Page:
How to Tackle Your Holiday Meal with Only One Oven
It's the same puzzle every year, you have multiple baked dishes on the menu that all cook at different temperatures—so what do you do?
This article originally appeared on MyRecipes
As holiday meal prep kicks into high gear, chances are you're already stressed about the kitchen acrobatics that will be required to prepare your most ambitious dinners of the year. Lost in a sea of recipes, it's easy to get overwhelmed by the variations in temperature and time requirements across all of your dishes. And, unless you're a professional chef or happen to have the multi-oven kitchen of our dreams, chances are you'll be tackling your holiday cooking with just one oven.
Attempting to stick to the predetermined cooking temps of each of your holiday dishes will most likely turn your kitchen game plan into a complicated nightmare. This year, instead of fretting over following each recipe to the T, use these simple tips for preparing your various meats, sides, and baked goods at the same temperature, helping to make your hectic holidays a whole lot easier.
Keep Your Eyes Peeled
The first thing to keep in mind—in order to keep your holiday stress at a minimum and your worries at bay—is that for the most part, recipes that typically require higher temperatures will be perfectly fine at a lower level, if given enough extra cooking time. This difference in timing will be flexible depending on the dish in question and the deviation between the original and new temperatures.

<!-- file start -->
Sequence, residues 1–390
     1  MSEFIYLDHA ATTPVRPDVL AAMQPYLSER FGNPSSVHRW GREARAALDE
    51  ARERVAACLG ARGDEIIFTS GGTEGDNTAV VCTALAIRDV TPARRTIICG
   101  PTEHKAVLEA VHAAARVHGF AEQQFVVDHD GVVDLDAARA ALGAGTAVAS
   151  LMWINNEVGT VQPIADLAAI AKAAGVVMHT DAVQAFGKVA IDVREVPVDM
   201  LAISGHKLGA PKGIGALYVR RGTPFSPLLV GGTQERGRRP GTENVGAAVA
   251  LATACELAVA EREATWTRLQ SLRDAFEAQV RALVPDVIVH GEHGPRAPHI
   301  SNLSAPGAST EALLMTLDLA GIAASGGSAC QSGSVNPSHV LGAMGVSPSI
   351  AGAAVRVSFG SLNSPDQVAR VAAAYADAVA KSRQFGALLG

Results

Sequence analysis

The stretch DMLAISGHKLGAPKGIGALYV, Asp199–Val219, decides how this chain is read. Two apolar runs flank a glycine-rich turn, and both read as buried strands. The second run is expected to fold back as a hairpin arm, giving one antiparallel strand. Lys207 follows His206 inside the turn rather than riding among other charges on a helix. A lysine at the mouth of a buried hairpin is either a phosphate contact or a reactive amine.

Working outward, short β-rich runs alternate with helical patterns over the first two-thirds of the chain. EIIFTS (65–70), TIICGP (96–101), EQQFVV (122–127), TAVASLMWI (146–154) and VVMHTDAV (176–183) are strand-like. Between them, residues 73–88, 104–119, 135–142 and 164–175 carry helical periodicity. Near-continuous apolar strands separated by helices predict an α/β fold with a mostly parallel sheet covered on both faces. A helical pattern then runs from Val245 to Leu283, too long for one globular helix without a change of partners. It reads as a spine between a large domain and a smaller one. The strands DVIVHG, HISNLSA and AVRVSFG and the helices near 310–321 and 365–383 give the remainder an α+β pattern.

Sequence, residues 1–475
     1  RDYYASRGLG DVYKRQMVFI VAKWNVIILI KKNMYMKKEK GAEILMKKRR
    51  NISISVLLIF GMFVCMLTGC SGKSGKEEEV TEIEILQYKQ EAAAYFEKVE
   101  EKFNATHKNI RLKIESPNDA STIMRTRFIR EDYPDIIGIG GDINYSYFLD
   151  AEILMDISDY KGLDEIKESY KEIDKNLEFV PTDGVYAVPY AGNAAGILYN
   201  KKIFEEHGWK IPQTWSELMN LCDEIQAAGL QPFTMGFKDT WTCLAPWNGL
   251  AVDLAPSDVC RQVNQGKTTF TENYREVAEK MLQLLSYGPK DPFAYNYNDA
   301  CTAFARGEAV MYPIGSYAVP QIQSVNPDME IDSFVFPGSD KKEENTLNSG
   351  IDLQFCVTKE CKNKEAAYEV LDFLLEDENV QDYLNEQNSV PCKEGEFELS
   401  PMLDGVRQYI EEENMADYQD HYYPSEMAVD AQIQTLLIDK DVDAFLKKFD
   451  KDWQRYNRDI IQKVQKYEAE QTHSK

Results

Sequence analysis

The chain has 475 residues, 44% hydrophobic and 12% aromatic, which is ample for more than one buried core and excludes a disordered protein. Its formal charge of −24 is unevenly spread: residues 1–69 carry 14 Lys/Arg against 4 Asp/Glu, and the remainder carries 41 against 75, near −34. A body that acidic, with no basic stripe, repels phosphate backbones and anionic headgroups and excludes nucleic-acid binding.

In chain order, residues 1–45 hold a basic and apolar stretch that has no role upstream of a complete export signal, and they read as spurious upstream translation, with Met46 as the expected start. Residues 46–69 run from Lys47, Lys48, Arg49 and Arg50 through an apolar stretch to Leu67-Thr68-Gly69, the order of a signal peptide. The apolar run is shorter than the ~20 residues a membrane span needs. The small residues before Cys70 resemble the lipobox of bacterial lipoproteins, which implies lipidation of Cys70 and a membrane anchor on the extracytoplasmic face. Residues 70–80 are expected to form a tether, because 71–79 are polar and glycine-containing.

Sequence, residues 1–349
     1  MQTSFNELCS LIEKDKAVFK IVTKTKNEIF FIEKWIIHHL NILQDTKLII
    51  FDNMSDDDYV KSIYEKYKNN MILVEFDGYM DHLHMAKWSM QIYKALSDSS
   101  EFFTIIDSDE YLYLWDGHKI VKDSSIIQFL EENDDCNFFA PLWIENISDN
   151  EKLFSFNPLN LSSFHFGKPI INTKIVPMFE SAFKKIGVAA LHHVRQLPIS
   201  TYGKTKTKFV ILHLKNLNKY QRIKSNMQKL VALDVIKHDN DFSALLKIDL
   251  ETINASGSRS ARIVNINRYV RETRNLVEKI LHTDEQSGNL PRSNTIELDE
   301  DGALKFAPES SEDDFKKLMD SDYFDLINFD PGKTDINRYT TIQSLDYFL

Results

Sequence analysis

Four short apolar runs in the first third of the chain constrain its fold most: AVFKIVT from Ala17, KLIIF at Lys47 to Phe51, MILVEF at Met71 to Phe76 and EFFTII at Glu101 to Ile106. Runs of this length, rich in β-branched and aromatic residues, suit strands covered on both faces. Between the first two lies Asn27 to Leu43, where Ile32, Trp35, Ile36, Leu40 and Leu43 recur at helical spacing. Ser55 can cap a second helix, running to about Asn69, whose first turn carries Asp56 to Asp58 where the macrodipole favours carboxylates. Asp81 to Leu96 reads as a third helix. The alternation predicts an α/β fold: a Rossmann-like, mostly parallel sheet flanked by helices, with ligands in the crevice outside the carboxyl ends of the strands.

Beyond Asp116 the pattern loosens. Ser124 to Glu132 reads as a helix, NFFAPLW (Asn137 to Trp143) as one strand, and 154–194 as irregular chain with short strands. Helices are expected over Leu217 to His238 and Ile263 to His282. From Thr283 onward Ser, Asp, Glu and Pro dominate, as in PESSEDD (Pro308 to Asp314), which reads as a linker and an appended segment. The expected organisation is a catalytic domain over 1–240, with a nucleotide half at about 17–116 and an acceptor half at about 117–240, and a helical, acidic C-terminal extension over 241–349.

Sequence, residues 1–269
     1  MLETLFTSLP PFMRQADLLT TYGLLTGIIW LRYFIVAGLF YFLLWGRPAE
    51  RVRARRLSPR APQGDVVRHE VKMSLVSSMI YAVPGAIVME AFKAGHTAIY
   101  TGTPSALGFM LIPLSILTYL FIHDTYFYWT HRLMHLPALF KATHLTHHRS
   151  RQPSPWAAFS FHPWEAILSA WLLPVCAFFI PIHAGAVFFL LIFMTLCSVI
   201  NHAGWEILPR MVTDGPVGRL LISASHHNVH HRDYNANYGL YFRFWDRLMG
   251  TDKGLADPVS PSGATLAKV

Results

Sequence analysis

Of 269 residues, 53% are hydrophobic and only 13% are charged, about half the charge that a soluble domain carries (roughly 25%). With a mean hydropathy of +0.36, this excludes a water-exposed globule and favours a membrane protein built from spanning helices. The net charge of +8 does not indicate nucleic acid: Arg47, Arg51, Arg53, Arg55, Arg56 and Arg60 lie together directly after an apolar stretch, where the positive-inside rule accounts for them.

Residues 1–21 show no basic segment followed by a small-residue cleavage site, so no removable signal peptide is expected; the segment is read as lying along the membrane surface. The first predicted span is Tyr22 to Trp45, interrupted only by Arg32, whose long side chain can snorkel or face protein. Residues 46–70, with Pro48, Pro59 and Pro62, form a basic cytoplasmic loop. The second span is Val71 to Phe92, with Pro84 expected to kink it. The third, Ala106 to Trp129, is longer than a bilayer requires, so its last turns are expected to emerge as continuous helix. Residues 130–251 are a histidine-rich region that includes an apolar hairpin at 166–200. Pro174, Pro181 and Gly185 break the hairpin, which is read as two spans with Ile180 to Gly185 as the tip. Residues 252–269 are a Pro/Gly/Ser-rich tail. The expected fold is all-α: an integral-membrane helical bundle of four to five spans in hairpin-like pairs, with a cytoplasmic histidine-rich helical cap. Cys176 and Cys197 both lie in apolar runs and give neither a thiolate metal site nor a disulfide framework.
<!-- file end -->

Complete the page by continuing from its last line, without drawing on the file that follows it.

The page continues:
The best way to ensure each of your dishes will be heated properly is to keep a close watch over dishes that are being prepared at an adjusted temperature. Check in every 10 minutes throughout the cooking process for signs that your dish is complete, whether it be the color or texture. For meats, check on the internal temperature frequently using a meat thermometer to ensure the protein has reached its ideal heat level before being removed from the oven.
When cooking multiple dishes in the oven at the same time, keep in mind that dishes will typically take 15 percent more time to cook properly. It's also important to note that most ovens have a natural temperature deviation of up to 25 degrees anyways, so dishes that require fairly similar temperatures will likely be just fine cooked side-by-side.
Prioritize Your Temperatures
When determining which temperature to initially set your oven at, prioritize the needs of more sensitive foods. Usually, this will be your baked goods, which require a specific balance of heat, and are best not to be tampered with.
As a rule, the temperature required by your baked goods should always set the bar, as deviations in the recipe could lead to a baking disaster. Though attempting to cook multiple kinds of baked goods requiring different temperatures at the same time is risky, if absolutely necessary, bake them at the average temperature and keep a close watch throughout the cooking process, checking frequently for color, texture, and solidity.
Super sensitive pastries, like soufflés, should always be baked alone, as the moisture and temperature levels inside the oven will determine if the recipe will be a success or a failure.
If baked goods aren't involved, it's best to set your oven at the average between the required temperatures of your various recipes. If one dish is set to cook at 300, and another at 350, a cooking temp of 325 should make both of your dishes happy.
While baked goods are known to be fussier, most of your holiday dishes will be far more malleable when it comes to the cooking process.
Meats tend to be the most flexible in terms of adjusting to temperature deviations. While these dishes are typically given a higher roasting temperature to speed up the process, cooking your protein for a longer amount of time at a lower temperature will not only result in a success, but will likely make for juicier, more succulent meat in the end.